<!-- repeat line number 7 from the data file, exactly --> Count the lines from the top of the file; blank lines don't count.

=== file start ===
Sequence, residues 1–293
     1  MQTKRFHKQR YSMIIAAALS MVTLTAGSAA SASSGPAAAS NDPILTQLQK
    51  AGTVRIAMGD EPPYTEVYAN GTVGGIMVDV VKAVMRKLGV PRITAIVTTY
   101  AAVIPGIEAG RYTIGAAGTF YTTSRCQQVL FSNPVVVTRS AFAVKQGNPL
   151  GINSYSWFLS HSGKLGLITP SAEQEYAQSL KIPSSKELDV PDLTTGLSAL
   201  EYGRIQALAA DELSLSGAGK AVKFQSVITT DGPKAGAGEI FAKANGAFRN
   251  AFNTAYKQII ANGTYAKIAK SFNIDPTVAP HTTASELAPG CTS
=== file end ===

   251  AFNTAYKQII ANGTYAKIAK SFNIDPTVAP HTTASELAPG CTS